Archive for November, 2007

Social Capital Lowers Poverty in the US

30 November, 2007

Penn State University researchers have examined the incidence of poverty in the US and its relation to social and political factors that are not usually included in studies. They have come up with some interesting findings, notably: ‘Counties with more self-employed workers or entrepreneurs, more immigrants and more community leadership and participation, known as social capital, have lower poverty rates’. They also find that those areas that have greater competition between two political parties tend to have lower levels of poverty.

A brief synopsis can be read here. The research is published in the Journal of Socio-Economics, by Anil Rupasingha and Stephan J. Goetz in their article ‘Social and political forces as determinants of poverty: A spatial analysis’.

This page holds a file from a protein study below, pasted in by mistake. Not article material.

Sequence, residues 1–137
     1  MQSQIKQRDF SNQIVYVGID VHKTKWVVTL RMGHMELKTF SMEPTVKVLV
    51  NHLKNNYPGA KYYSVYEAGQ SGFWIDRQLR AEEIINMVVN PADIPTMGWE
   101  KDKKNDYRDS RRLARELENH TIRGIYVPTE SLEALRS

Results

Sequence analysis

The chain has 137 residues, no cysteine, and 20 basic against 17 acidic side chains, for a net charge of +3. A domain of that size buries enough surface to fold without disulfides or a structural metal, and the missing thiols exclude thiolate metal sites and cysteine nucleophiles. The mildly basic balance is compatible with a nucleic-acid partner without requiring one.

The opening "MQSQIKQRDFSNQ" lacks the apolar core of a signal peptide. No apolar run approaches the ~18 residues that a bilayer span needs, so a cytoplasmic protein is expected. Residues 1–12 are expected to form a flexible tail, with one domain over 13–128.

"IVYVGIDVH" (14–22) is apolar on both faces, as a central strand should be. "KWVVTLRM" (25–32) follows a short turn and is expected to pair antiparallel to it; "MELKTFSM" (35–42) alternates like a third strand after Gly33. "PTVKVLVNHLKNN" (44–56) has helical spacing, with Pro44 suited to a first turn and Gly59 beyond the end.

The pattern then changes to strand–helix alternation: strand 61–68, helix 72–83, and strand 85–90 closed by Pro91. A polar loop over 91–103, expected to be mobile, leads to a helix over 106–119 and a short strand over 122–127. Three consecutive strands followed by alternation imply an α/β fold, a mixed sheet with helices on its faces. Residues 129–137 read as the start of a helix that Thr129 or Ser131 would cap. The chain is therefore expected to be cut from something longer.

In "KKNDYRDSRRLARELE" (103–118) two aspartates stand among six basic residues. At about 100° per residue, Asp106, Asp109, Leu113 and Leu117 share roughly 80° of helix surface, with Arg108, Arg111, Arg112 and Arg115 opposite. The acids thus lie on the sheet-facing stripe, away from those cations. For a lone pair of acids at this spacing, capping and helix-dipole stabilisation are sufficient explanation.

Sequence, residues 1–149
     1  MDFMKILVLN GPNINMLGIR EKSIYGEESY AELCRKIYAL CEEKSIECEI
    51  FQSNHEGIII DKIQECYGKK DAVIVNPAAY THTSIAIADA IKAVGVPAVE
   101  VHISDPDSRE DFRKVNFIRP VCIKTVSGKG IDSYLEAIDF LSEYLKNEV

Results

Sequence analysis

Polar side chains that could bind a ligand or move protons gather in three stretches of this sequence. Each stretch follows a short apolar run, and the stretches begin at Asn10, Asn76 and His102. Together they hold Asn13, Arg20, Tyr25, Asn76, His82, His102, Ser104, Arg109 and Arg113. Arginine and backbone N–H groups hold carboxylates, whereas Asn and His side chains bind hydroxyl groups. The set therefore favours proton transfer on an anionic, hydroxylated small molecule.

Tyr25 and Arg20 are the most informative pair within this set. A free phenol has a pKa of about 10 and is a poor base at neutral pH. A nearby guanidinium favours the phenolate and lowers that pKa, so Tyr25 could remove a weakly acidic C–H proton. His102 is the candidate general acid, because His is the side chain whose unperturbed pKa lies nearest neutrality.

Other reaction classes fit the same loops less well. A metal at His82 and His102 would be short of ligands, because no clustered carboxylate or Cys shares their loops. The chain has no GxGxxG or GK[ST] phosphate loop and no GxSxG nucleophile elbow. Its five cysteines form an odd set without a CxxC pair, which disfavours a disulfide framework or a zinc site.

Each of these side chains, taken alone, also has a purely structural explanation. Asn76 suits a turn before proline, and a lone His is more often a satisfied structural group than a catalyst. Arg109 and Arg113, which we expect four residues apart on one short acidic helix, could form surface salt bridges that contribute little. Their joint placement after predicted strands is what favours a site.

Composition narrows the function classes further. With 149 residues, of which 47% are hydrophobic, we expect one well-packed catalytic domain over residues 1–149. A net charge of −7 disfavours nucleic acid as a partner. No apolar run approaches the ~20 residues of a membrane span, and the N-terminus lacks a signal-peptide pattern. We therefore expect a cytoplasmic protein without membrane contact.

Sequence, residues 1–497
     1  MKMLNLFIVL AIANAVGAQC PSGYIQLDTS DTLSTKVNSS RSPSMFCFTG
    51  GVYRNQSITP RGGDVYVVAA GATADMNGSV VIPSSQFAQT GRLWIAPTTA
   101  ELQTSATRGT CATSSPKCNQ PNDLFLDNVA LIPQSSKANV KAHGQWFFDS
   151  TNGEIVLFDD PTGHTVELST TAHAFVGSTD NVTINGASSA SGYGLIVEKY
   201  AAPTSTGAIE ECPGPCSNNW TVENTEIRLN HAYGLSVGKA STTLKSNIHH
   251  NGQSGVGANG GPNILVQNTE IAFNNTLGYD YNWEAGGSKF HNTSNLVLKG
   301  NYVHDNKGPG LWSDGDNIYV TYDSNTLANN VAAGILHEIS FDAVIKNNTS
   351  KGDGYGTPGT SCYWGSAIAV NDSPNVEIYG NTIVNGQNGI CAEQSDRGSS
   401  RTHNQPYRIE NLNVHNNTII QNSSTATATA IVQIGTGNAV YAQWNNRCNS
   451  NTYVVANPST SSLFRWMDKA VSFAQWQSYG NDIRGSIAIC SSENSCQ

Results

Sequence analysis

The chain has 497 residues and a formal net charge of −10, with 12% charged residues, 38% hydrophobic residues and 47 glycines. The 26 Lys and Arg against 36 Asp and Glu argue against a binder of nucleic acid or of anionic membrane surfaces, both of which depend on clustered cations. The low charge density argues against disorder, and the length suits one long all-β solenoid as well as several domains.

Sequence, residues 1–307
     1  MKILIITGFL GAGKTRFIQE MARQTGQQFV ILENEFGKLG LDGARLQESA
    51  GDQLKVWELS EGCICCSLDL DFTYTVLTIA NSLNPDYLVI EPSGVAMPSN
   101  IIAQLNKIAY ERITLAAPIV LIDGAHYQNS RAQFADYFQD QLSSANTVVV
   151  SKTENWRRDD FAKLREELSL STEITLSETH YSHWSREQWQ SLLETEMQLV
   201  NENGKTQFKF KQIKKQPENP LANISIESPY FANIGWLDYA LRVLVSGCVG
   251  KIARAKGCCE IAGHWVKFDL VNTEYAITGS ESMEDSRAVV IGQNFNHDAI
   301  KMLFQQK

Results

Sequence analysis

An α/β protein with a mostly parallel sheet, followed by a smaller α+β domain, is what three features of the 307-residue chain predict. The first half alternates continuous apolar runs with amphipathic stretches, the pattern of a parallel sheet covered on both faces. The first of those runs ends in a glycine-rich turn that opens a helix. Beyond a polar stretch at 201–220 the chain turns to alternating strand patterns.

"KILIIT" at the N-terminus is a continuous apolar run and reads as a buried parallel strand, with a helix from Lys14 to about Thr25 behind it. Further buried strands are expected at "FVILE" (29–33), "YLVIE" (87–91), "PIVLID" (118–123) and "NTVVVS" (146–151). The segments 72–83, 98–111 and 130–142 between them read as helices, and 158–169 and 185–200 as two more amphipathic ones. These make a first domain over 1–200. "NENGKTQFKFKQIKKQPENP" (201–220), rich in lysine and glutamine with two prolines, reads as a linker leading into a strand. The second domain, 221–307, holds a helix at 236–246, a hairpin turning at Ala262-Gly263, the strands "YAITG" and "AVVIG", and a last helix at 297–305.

Human Development Report highlights the impact of climate change on poverty

29 November, 2007

The UNDP’s Human Development Report released on Tuesday highlights the impact climate change is likely to have on poverty and the attempts to achieve the Millennium Development Goals. It notes that ‘In today’s world it is the poor that are bearing the brunt of climate change’. Failure to tackle the issue ‘will consign the poorest 40 percent of the world’s population – some 2.6 billion people – to a future of diminished opportunity. It will undermine efforts to build a more inclusive pattern of globalisation, reinforcing the vast disparities between the ‘haves’ and the ‘have nots”.